PEW OCEANS COMMISSION RELEASES REPORT ON COASTAL SPRAWL - The Pew Oceans Commission is conducting the first independent review of national ocean policies in over 30 years. In addition to meeting with citizens across the country, the Commission has received science reports on marine pollution, introduced species, and aquaculture, with reports on fishing and marine reserves forthcoming. The latest of these reports, "Coastal Sprawl: The Effects of Urban Design on Aquatic Ecosystems in the United States" was released on April 16. Although U.S. coastal counties account for 17 percent of the nation's area, they are home to more than half the population. An additional 27 million people are estimated to funnel into this narrow corridor over the next 15 years. The report, authored by Dana Beach of the South Carolina Coastal Conservation League, details the effects of urban design and land-use practices on aquatic ecosystems in the United States. Beach presents new strategies and tools that communities may use to preserve the same ecosystems that attract residents, tourists, and businesses to the coasts. The report is available on the web at www.pewocean.org.
UPDATE ON CHANGE IN LEADERSHIP OF INTERNATIONAL GLOBAL CLIMATE CHANGE PANEL - We reported on 15 March that, according to a New York Times article, the Bush administration was attempting to force Robert T. Watson, chief scientist of the World Bank, from his unpaid position as chairman of the Intergovernmental Panel on Climate Change. The Intergovernmental Panel on Climate Change announced April 20 that Rajendra K. Pachauri, an expert in economics and technology, was elected to head the IPCC, defeating Watson, a Clinton administration nominee who guided a panel report that global warming's causes are related to human activity. Dr. Pachauri heads the Tata Energy Research Institute in New Delhi; Tata is one of India's largest industrial groups. Dr. Pachauri, assured the session of his strong commitment to the IPCC process, its scientific integrity and the spirit of consensus by which it functions so effectively. Harlan Watson, who headed the U.S. delegation in Geneva, told The Associated Press he "wouldn't give any weight to some kind of a campaign." Watson claimed that the U.S. wasn't against Watson, but was for Pachauri.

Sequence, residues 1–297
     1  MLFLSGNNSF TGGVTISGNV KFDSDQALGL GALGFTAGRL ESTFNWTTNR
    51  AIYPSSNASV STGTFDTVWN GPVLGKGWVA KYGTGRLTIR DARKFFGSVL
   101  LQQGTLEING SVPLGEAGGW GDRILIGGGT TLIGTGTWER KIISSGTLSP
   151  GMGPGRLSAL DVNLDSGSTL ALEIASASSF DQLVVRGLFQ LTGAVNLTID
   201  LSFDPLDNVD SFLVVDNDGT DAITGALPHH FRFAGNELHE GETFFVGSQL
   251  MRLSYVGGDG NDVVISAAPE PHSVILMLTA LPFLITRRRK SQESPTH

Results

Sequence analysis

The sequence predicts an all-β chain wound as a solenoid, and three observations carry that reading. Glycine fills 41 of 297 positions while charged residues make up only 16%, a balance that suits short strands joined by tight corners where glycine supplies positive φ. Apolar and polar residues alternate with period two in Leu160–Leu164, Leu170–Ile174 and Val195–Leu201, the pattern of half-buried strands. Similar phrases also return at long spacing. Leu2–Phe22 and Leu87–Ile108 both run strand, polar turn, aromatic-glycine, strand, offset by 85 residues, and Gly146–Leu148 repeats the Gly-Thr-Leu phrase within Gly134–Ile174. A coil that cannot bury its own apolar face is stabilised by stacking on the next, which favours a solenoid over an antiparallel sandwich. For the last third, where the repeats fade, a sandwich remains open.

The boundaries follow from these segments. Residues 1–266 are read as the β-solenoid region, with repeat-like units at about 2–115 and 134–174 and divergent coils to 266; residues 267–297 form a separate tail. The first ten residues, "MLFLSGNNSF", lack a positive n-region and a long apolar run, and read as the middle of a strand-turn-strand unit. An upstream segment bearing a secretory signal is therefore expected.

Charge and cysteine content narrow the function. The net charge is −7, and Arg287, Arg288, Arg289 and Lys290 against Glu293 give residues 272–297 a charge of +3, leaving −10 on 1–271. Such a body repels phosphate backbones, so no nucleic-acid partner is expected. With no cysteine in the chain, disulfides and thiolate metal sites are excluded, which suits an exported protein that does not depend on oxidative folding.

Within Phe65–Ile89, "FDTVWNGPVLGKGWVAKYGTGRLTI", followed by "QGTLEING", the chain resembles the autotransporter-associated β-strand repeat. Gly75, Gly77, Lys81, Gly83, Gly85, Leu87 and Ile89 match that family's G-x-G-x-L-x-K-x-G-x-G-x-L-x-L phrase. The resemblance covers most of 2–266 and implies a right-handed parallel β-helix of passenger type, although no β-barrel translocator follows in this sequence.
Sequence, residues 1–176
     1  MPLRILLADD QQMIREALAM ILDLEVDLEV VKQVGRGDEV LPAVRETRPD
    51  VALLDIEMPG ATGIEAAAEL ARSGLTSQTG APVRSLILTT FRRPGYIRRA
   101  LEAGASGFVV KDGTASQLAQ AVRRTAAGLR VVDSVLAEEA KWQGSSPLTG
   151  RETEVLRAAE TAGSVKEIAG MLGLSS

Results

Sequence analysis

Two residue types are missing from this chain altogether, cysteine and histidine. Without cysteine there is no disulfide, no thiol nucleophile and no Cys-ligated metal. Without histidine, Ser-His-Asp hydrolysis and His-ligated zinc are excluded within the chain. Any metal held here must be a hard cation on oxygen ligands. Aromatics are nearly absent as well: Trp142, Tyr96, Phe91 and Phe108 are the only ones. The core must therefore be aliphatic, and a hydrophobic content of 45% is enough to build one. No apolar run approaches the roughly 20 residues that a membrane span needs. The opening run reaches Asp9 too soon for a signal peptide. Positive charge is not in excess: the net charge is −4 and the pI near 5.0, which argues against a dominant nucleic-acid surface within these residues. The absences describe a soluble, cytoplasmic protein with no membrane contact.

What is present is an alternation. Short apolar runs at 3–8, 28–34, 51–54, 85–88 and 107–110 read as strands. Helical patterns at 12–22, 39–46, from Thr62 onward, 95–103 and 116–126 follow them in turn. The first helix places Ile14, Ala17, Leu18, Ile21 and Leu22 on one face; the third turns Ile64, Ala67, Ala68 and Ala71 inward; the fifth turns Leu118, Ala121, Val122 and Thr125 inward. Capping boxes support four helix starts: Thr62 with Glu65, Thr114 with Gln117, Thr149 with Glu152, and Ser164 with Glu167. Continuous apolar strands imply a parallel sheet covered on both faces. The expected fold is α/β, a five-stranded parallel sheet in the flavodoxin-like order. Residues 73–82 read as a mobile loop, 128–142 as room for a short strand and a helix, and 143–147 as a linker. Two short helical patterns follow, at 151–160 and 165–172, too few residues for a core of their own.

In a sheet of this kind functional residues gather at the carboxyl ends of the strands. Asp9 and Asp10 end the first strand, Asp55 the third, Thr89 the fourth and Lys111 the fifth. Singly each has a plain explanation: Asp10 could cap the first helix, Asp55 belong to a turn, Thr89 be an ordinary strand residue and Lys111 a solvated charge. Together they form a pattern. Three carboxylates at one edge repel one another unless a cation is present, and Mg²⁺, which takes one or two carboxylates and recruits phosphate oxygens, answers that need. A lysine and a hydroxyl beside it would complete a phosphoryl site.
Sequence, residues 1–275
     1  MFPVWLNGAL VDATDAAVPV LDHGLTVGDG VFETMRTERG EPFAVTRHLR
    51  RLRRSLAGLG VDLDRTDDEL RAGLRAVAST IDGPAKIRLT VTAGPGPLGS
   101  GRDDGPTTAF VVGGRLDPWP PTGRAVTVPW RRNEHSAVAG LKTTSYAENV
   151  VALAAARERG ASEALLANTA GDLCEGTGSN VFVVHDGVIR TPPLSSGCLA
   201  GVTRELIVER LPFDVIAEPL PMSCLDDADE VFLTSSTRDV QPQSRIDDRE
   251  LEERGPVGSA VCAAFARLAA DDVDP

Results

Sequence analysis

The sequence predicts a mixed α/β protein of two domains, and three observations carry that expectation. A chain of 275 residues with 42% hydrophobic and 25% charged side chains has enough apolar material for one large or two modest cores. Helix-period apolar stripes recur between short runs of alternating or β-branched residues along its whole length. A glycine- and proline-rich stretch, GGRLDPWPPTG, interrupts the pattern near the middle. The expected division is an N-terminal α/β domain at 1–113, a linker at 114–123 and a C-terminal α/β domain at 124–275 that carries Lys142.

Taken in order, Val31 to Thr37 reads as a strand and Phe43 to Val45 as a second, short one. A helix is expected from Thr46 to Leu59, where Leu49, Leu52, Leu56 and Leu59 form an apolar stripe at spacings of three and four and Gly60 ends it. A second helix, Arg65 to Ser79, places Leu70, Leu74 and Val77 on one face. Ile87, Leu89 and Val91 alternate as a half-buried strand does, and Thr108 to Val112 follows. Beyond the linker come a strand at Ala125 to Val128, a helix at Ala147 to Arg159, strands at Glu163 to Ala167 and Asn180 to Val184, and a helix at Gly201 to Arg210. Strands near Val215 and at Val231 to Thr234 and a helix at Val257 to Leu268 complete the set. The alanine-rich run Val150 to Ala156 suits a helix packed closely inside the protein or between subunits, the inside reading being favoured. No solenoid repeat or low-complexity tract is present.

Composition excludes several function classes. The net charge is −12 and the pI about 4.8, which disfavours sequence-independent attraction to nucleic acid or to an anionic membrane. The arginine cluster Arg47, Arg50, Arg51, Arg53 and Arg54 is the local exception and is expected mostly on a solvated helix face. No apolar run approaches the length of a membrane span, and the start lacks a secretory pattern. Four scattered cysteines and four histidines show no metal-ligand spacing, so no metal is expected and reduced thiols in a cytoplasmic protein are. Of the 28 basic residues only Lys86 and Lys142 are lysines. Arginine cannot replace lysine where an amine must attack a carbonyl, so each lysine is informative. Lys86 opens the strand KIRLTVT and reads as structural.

However, two weeks ago, the Natural Resources Defense Council, a Washington, D.C.-based environmental group, said the White House's Council on Environmental Quality received a memo from Exxon Mobil in February 2001 that asked, "Can Watson be replaced now, at the request of the U.S.?"